Severe wildfires across the West have prompted the nation’s top fire agency to increase its preparedness level to the highest and most critical stage. This is the earliest the agency has done so in a decade.
“It’s an all hands on deck approach,” said Stanton Florea, a spokesperson with the National Interagency Fire Center. “We’re a full month ahead of where we were last year.”
The National Interagency Fire Center set its preparedness level to five on Wednesday. This means at least 80% of the federal government’s fire personnel are currently on the job helping contain wildfires.
There are almost 60 large blazes burning across the country right now. The fires are being driven by excessive heat, high winds and deepening drought exacerbated by climate change.
Last year, despite an historically devastating wildfire season, only about 2,500 fire personnel were actively working on fires in mid-July. This year there are more than 17,000 personnel on active duty.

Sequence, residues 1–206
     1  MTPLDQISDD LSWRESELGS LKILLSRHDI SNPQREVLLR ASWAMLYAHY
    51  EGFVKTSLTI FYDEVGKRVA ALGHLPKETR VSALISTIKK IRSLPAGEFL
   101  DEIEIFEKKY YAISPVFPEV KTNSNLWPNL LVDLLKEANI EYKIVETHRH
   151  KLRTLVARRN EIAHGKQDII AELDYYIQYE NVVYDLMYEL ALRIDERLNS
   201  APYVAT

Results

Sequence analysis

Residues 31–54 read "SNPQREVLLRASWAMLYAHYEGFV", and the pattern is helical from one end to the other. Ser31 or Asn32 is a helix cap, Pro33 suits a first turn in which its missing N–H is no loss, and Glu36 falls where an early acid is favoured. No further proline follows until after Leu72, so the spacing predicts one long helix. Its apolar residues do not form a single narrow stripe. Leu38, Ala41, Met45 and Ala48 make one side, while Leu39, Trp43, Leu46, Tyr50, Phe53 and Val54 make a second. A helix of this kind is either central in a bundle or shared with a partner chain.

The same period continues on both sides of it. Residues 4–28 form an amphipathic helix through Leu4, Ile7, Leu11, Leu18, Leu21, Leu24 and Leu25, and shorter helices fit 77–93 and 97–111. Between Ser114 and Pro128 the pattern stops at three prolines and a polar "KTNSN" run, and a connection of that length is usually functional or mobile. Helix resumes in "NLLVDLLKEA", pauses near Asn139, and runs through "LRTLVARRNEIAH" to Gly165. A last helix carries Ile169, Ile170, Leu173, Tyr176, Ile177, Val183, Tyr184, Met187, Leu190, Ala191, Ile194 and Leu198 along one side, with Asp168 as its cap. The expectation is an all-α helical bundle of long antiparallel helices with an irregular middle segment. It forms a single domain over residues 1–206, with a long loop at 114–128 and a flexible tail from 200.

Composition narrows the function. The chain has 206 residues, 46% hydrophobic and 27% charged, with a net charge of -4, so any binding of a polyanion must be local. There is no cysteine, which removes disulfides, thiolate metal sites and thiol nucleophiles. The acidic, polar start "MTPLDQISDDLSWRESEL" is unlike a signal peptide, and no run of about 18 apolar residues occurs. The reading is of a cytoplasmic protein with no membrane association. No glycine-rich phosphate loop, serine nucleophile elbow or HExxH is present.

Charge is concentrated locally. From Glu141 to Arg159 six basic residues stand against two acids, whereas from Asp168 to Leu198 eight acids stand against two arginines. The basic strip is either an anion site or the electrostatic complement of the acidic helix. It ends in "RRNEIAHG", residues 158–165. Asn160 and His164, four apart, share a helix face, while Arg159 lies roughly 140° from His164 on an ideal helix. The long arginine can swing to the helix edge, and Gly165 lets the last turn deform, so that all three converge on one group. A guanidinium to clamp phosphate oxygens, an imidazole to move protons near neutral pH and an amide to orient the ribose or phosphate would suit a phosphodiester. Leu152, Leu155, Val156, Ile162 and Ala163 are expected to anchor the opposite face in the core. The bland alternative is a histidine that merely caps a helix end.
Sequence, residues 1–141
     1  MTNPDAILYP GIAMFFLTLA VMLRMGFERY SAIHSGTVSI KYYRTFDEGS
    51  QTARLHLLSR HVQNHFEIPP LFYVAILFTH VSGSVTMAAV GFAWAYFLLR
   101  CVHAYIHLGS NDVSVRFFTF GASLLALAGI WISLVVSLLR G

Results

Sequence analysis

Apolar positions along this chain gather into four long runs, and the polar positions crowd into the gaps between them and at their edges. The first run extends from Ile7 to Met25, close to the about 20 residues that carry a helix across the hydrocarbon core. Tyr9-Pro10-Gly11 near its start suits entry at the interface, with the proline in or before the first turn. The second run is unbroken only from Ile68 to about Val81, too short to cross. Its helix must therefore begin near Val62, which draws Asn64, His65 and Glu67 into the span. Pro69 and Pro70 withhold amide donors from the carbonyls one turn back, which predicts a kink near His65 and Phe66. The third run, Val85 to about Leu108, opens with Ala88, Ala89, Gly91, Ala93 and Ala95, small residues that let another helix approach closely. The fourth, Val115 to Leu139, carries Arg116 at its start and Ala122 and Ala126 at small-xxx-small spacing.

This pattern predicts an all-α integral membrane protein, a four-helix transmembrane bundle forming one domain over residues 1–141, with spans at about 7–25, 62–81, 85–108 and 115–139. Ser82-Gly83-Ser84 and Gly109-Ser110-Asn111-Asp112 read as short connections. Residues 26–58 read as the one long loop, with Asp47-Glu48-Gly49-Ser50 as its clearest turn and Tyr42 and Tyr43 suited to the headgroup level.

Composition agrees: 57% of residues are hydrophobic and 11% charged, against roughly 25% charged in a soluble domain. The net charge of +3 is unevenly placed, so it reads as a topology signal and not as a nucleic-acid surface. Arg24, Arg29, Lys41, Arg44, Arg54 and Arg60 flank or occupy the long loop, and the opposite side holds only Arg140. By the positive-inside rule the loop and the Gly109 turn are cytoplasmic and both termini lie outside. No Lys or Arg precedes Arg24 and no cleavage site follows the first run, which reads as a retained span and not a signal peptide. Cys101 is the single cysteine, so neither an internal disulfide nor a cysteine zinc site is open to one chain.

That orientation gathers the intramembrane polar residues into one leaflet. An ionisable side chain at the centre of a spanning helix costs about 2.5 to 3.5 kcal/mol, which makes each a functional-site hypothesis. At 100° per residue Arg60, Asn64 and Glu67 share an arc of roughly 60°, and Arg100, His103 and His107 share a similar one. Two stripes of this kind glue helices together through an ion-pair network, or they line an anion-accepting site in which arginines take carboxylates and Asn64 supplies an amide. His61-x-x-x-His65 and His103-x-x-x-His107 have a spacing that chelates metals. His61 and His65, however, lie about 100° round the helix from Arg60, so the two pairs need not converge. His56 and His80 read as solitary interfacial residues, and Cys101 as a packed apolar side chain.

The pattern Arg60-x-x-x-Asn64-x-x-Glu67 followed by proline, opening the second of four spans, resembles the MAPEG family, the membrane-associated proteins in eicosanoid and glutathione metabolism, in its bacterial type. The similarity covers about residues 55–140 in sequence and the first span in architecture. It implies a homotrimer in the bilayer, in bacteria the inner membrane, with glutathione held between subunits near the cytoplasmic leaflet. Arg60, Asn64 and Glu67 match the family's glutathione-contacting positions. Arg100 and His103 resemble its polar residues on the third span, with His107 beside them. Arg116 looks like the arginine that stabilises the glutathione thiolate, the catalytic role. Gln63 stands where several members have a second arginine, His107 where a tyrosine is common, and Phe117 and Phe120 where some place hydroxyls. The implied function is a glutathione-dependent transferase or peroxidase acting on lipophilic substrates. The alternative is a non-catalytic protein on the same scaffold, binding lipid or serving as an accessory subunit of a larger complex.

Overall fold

The last time the national preparedness level reached 5 this early in the wildfire season was in 2011. That year, more than 40,000 fires burned across nearly 6 million acres – an area roughly the size of Vermont.
There is a sliver of good news for our region. A heavy monsoon season is currently helping tamp down wildfires across much of the southwest.
This story was produced by the Mountain West News Bureau, a collaboration between Wyoming Public Media, Boise State Public Radio in Idaho, Nevada Public Radio and KUNR in Nevada, the O'Connor Center for the Rocky Mountain West in Montana, KUNC in Colorado, KUNM in New Mexico, with support from affiliate stations across the region. Funding for the Mountain West News Bureau is provided in part by the Corporation for Public Broadcasting.